The artificial pancreas (AP) has been tested extensively in the hospital setting (15). Here we describe a next logical step in AP development—the first outpatient trials of a wearable AP based on a smartphone computational platform.

Following Ethical Committee approvals and ClinicalTrials.gov registration (NCT01447992 and NCT01447979), two simultaneous studies were conducted in Padova, Italy, and Montpellier, France, in October 2011, enrolling a 38-year-old female and a 52-year-old male, respectively; both were Caucasian, type 1 diabetic insulin pump users.

Day 1—At 17:00, the patients arrived at hotels located within 1 km from the emergency room. Subjects’ pumps were replaced by Omnipod Insulin Management Systems. The APs were activated in open-loop mode implementing the patients’ regular routines and remote monitoring was initiated. At 20:00, the patients had dinner at a local restaurant, without dietary restrictions and then spent the night in the hotel.

Day 2—At 7:00, the patients were admitted to the clinic and the APs were switched to automated closed-loop control and challenged by breakfast at 8:00 and lunch at 12:00. At 18:00, the patients moved back to the hotel; dinner was at 20:00 in a local restaurant, without dietary restrictions. Meal bolus was recommended by the APs and approved by the patients; basal rate and corrections were automatically delivered by the APs.

Day 3—At 8:00, the patients had breakfast at the hotel. At 11:00, they had low intensity exercise (30-min walk in town). Throughout the study, the clinical team remotely observed the system operation and reference blood glucose was measured using HemoCue (HemoCue AB, Ängelholm, Sweden) pre- and postmeals, at bedtime, and upon physician judgment.

The AP, developed at the University of Virginia, is based on the Sony Xperia smartphone; sensor and pump communications are handled by the University of California Santa Barbara/Sansum Artificial Pancreas System (APS) running on a communication box connected via Bluetooth to the phone (Fig. 1, upper panel). The control algorithm includes safety supervision responsible for the prevention of hypoglycemia and a range correction module delivering insulin corrections as needed (5). The patients interact with the system via touch-screen graphical user interface allowing for AP initialization with patient-specific characteristics, confirmation of meal boluses, and optional entries of exercise and hypoglycemia treatment. Every 5 min, sensor, insulin pump, and system technical data are sent via secured 3G connection to a remote server, which ensures continuous remote monitoring of the patient and the system. Phone calls, Internet browsing, and other features of the smartphone are disabled at the level of its operating system (Android).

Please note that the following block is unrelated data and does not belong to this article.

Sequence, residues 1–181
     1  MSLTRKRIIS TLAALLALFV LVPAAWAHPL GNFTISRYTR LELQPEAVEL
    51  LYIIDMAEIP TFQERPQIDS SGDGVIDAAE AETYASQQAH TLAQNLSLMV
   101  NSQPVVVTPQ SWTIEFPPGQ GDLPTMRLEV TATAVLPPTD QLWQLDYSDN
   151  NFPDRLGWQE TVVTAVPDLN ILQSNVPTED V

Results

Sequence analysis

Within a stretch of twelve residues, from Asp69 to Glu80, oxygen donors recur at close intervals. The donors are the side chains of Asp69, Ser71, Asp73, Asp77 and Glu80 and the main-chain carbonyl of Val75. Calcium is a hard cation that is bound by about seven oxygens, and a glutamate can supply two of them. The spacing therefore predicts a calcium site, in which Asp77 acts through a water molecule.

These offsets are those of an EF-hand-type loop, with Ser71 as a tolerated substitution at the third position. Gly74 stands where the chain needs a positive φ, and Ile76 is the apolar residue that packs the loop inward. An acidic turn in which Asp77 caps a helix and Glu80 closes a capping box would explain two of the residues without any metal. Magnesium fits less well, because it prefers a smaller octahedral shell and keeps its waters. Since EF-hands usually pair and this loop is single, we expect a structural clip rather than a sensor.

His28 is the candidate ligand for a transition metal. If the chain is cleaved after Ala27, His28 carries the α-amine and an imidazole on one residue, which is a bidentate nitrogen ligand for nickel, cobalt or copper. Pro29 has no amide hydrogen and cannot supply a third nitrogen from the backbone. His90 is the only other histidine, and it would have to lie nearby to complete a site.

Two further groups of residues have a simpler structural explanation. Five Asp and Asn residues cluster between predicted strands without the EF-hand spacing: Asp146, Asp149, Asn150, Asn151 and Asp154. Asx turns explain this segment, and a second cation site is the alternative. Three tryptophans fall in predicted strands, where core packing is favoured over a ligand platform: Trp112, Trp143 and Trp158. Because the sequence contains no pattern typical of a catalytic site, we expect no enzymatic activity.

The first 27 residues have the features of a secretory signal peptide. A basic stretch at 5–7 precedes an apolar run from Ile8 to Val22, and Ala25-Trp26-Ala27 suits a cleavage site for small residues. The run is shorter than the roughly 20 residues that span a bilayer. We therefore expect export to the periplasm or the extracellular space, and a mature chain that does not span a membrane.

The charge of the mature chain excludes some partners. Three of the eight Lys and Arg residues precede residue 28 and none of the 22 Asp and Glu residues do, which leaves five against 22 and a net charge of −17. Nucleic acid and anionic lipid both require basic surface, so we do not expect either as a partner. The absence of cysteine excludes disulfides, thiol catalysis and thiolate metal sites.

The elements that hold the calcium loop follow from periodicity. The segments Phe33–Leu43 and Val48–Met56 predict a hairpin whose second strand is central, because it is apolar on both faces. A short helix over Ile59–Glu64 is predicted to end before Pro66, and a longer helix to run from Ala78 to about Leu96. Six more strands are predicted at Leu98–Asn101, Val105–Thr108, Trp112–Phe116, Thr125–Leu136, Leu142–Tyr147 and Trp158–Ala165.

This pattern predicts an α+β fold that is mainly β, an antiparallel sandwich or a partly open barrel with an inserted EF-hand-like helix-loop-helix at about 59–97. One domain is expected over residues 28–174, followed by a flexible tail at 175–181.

The smartphone computational platform, the control algorithm, and the remote monitoring system performed as intended, without any functional or reliability issues. On two occasions the communication box malfunctioned requiring intervention by the study team. Although reaching near normoglycemia was not the objective of these pilot studies, glucose control results are presented in Fig. 1 (lower panel): the AP avoided hypoglycemia (<3.9 mmol/L) and major hyperglycemia (>15 mmol/L) in both cases. No adverse events were experienced by the patients; no ketone production was detected during the studies.

These first results indicate that a wearable AP is feasible and safe; therefore its continued testing and refinement for ambulatory use is warranted.

Clinical trial reg. nos. NCT01447992 and NCT01447979, clinicaltrials.gov.

C.C., B.P.K., and E.R. contributed equally to this study.

This study was supported by the Juvenile Diabetes Research Foundation Artificial Pancreas Project Grant #22-2011-649, and by National Institutes of Health/National Institute of Diabetes and Digestive and Kidney Diseases Grant RO1-DK-085623.

C.C., E.R., and B.P.K. have received research material support from Dexcom, Inc. and Insulet Corp. No other potential conflicts of interest relevant to this article were reported.

All authors reviewed and provided edits and comments on manuscript drafts; in addition, authors had the following responsibilities: C.C., principal investigator, drafting of manuscript; E.R., principal investigator, design of the protocol, drafting of manuscript; B.P.K., principal investigator, protocol design, drafting of manuscript; P.K.-H., principal investigator of the development of the smartphone-based system and user interface; N.B.B., developer of the smartphone-based system and user interface; J.P., senior engineer during Montpellier trials, developer of the remote monitoring system; S.D.F., senior engineer during Padova trials; M.B., design of the protocol, developer of the control algorithm, senior engineer of Montpellier trials; A.F., main study physician of Montpellier trials; D.B., main study physician of Padova trials; E.D., developer of the portable APS; H.Z., consultant on the portable APS; F.J.D., consultant on the portable APS; S.D.P., consultant on safety supervision system; and A.A., principal investigator, senior clinician, Padova. C.C. is the guarantor of this work and, as such, had full access to all the data in the study and takes responsibility for the integrity of the data and the accuracy of the data analysis.

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